"I used to dismiss you, but now I just miss you"
Running time approx. 2 hours including a 15 minute interval
‘Gods are Fallen and All Safety Gone’ by Selma Dimitrijevic
The unusual title of the play is taken from John Steinbeck’s novel East of Eden and is an investigation into what happens when we discover that our parents are flawed human beings, and that at some point, sooner than we think, they are suddenly going to disappear from our lives.
In an intimate and funny exploration of mother and daughter relationships, two actors explore the fascinating relationship dynamic of a thirty-something daughter and her ageing mother.
Gods Are Fallen and All Safety Gone has been described as a lifetime of conversations, condensed into one hour.
“Dimitrijevic’s sequence of four repeating mother-daughter conversations is perfectly simple in structure. But within its framework, she produces a superbly subtle analysis of the comedy and agony of this closest of family relationships.” The Scotsman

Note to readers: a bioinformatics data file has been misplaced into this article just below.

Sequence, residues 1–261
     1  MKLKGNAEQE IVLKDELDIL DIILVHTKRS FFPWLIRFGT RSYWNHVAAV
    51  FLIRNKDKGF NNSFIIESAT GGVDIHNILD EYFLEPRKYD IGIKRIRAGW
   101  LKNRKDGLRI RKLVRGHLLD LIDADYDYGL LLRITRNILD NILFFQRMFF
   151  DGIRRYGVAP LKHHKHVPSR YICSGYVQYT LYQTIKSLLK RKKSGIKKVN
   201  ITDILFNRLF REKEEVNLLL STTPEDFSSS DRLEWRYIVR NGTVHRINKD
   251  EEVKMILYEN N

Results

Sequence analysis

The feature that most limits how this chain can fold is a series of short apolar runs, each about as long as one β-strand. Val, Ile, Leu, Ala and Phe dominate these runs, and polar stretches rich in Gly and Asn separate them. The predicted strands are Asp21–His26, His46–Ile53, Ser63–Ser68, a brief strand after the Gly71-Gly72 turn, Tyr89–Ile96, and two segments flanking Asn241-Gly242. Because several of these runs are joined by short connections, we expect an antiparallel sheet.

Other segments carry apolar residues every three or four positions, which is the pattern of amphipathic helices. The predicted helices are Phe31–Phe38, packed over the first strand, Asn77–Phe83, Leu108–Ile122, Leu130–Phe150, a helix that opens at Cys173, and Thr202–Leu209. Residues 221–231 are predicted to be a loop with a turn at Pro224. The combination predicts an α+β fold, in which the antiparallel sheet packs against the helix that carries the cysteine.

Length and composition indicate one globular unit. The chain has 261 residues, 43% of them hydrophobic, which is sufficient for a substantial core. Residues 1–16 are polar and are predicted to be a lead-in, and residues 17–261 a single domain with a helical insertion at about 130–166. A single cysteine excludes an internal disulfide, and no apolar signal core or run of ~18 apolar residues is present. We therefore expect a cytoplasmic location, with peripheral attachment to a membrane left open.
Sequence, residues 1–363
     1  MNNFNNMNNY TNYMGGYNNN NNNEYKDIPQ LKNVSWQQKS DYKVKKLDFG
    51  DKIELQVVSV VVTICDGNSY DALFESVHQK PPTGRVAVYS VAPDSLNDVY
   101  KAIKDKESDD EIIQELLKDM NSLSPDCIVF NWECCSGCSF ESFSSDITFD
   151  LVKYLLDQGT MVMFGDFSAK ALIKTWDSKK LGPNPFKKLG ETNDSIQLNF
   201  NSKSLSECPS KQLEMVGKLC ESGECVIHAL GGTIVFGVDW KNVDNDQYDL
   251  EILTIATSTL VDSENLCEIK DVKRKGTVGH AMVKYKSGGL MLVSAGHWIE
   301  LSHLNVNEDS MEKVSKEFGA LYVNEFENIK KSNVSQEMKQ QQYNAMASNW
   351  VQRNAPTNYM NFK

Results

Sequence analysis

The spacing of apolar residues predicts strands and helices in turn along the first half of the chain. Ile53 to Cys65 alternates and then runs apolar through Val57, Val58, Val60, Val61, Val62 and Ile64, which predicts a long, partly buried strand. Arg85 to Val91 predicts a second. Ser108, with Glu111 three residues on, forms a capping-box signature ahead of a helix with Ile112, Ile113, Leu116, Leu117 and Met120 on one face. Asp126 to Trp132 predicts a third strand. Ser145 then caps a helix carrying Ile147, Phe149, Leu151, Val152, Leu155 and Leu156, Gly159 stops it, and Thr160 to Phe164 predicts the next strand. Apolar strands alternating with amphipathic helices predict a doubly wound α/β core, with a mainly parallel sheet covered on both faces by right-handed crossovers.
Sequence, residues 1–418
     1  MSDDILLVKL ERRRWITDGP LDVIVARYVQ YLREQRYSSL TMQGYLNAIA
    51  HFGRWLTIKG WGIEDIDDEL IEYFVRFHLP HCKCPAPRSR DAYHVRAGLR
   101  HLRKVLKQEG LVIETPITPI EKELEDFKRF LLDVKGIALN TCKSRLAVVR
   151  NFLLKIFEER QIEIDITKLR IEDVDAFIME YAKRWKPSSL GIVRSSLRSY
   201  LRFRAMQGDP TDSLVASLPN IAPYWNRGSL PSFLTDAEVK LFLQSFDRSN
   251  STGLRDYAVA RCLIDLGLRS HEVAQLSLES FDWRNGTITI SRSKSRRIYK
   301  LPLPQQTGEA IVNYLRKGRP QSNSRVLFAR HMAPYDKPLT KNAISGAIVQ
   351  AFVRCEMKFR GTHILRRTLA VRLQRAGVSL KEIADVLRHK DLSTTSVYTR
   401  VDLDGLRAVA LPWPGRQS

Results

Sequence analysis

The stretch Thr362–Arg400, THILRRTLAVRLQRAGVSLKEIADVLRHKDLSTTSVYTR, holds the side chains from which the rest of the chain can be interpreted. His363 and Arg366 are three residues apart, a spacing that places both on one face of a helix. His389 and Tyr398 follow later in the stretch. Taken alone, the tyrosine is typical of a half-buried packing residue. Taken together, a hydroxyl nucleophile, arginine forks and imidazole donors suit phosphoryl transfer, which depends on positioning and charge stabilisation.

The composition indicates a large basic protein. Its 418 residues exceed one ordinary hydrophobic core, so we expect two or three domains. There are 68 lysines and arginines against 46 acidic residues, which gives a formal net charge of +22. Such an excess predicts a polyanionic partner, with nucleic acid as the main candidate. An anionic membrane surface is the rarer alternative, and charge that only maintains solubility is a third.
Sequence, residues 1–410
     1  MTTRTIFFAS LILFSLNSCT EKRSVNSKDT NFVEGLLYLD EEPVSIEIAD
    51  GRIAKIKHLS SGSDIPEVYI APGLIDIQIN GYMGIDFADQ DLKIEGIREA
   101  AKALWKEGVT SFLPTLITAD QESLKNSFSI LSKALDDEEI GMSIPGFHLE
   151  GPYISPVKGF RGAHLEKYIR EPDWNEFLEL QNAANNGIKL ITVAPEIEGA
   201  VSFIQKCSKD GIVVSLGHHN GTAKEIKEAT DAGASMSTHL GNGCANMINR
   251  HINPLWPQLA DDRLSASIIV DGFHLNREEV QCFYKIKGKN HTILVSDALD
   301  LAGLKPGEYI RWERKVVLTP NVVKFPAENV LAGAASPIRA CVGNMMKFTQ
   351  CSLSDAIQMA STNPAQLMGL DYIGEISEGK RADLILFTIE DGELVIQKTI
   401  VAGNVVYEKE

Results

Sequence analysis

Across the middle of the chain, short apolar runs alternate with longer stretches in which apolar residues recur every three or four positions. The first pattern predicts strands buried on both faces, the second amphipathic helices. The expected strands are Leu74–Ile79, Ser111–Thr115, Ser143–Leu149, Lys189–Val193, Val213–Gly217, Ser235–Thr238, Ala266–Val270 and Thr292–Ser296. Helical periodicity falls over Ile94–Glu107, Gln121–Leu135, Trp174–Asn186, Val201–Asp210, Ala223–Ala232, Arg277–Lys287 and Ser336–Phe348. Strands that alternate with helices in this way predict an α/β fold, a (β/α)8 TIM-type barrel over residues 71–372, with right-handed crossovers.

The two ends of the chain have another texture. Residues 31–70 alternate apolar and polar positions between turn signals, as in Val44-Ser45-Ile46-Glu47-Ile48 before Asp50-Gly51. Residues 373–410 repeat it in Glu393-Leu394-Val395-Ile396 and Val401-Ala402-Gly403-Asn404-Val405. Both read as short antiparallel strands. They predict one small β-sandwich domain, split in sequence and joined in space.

“I suggest you take your mother along to see it. Walk out with her arm-in-arm, just like I did. It may be too early for drinks at that point, but it won’t be too late to talk. For as long as it’s not too late to talk to your mother, ‘Gods Are Fallen’ may not break your heart.” The Moscow News
‘Spacewang’ by Tom Wells
Nora, aged 14 ish , has come to the beach to test out her new equipment. Her words reveal a chaotic life of school truancy, alcohol, shop-lifting and an obsession with making contact with extra-terrestrial aliens. As she talks we learn more about the reasons behind her problems and why she has felt compelled to come to the beach on this particular evening.
This is a delightfully wry, witty and surreal piece of writing from a talented young playwright.
“Though Wells’ monologue has many comedic highlights, it is also tinged with melancholy too as the audience slowly realises who Nora is really trying to reach” Drama Online
“‘Spacewang’ is the shortest monologue I’ve looked at, but it’s probably the tightest and most conventionally
compelling of all. A memorable sketch of childhood delusion built upon a strong visual base.” Monoblogged.
For this production we are delighted to welcome to the Criterion local composer Sophie Hadlum who will be playing some of her cinematic classical piano pieces as a prelude to the plays.